Vertex Gets FDA Approval for $259K Per Year CF Drug
July 6, 2015
By Mark Terry, BioSpace.com Breaking News Staff
The U.S. Food and Drug Administration (FDA) announced approval of Boston-based Vertex Pharmaceuticals ’s Orkambi (lumacaftor/ivacaftor) for patients with cystic fibrosis (CF) on July 2. It is the first medication approved that treats the underlying cause of CF in patients with two copies of the F508del mutation.
“Today is a remarkable day for science, medicine and the CF community,” said Jeffrey Leiden, chairman, president and chief executive officer of Vertex in a statement. “More than 15 years ago, our scientists set out to discover and develop medicines to treat the underlying cause of cystic fibrosis. Today, the approval of Orkambi represents a fundamental change in the treatment of the most common form of CF, marking significant progress for us and for the entire CF community.”
Not surprisingly, Vertex stock took a jump on the news. Shares traded for $122.03 on June 29 and rose to $131.26 on July 2. It is currently trading at $131.26. Stock trading was temporarily halted on July 2 ahead of the news.
A filing with the U.S. Securities & Exchange Commission (SEC) indicate that company director Joshua Boger sold 11,700 shares dated Wednesday, July 1 for an average prices of $125.60 for a total of $1,469,520. Goldman, Sachs & Co. analysts reiterated a “buy” rating and set a $142.00 price target in a research note Friday July 3. Zacks analysts downgraded from a “hold” to “sell” and analysts at RBC Capital raised the price target from $130.00 to $156 and listed the company as “outperform” on a June 23 research note.
It is estimated that Orkambi will cost $259,000 for a year’s treatment. Speaking at a July 2 web conference Stuart Arbuckle, Vertex’s chief commercial officer, said, “The price of Orkambi reflects a number of things. Certainly, one of them is the fundamental benefit that we see from treating the underlying cause of this serious disease. There are certainly cost offsets from the benefits Orkambi delivers. That isn’t the only input in to our thinking of the benefit it delivers. We also had to take into account some of the things like the 15-year journey we’ve been on and the time and cost it’s taken us to get to this point. We took into account the eligible patient population, and of course, we want to continue to invest in new medicines for the future.”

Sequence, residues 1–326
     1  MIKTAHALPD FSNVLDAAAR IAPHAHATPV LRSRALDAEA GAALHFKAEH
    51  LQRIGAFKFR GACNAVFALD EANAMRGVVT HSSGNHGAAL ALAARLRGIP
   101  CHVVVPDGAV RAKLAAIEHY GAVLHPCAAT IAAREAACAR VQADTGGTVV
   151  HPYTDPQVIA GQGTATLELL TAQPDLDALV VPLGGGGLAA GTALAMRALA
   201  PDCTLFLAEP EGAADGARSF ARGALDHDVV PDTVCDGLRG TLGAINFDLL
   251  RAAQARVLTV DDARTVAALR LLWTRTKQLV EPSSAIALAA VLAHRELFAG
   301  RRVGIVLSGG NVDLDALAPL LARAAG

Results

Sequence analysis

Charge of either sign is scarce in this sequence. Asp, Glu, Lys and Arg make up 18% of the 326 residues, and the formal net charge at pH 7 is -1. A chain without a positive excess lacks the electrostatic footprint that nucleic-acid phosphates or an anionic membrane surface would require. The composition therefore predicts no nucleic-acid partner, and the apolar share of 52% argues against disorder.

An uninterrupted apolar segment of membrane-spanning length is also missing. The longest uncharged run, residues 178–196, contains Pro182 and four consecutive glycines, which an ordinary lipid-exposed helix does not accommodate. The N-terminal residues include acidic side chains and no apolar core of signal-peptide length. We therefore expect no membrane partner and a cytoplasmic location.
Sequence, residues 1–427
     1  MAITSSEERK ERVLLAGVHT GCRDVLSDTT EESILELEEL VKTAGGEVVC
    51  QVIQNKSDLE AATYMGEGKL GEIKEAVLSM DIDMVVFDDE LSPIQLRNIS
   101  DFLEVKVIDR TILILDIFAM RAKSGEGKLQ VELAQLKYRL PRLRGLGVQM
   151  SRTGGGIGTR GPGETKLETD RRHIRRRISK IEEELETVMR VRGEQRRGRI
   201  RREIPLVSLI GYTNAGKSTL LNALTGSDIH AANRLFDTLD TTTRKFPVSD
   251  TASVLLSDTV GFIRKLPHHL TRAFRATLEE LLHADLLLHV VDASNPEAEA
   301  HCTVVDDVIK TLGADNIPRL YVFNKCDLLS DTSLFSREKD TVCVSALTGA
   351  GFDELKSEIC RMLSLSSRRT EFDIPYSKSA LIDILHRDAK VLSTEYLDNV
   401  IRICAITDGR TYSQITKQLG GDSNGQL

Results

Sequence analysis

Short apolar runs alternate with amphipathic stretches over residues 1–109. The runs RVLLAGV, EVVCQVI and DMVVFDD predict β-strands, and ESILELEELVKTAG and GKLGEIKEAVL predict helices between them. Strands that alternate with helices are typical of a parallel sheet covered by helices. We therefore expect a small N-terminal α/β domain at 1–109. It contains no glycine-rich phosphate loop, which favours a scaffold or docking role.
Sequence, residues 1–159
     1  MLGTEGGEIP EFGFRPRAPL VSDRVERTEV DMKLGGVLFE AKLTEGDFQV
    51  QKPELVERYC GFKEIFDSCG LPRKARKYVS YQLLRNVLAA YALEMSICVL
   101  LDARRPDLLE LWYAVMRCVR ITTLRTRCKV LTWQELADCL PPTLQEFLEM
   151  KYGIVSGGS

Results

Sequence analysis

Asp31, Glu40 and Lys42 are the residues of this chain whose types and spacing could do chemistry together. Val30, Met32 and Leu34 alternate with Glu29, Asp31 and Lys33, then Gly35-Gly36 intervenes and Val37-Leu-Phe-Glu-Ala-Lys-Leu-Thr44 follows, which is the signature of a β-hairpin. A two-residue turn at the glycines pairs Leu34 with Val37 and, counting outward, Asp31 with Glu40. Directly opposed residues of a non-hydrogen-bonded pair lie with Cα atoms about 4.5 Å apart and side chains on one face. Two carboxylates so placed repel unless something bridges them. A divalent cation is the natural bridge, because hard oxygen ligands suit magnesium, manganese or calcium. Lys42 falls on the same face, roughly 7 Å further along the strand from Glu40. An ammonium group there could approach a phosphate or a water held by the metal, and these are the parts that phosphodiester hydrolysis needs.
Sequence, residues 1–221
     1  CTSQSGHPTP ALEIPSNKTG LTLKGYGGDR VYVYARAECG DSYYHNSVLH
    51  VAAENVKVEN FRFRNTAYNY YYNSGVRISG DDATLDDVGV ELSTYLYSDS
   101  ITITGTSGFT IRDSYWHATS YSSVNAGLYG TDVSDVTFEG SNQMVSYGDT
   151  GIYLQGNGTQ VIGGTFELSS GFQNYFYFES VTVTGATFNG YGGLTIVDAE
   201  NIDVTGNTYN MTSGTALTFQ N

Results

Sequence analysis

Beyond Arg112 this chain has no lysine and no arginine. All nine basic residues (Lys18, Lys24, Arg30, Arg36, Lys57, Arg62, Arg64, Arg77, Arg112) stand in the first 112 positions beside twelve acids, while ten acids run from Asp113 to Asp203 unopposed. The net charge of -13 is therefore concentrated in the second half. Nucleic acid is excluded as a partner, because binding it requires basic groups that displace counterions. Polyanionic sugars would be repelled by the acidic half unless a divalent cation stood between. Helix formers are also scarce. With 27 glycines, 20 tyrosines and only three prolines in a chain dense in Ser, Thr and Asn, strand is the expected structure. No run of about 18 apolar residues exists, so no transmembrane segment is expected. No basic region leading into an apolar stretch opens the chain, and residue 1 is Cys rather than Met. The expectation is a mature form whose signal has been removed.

The company expects broad access for patients to the drug, based on their talks with payers. Meanwhile, studies continue for younger patients.
“We still have over about a thousand patients in our open label extension,” said Jeff Chodakewitz, Vertex chief medical officer in the web conference. “Some additional patients … were subsequently put on therapy. We’re not concerned about an impact on our 661 studies. Our 661 program is on track. Three of the four studies have been initiated and the fourth study will be initiated shortly. The screening for the 508 homozygous study is complete for the 508 homozygous in the U.S. and randomization is almost done. We’re confident about our ability to continue and maintain the 661 program.”
VX-661 is a Phase II study that looks at CF patients who have two copies of the F508del mutation.
The Orkambi approval was based on two Phase II studies, TRAFFIC and TRANSPORT that looked at more than 1,100 patients with CF ages 12 and older who had two copies of the F508del mutation. The patients treated had statistically significant improvement in lung function.
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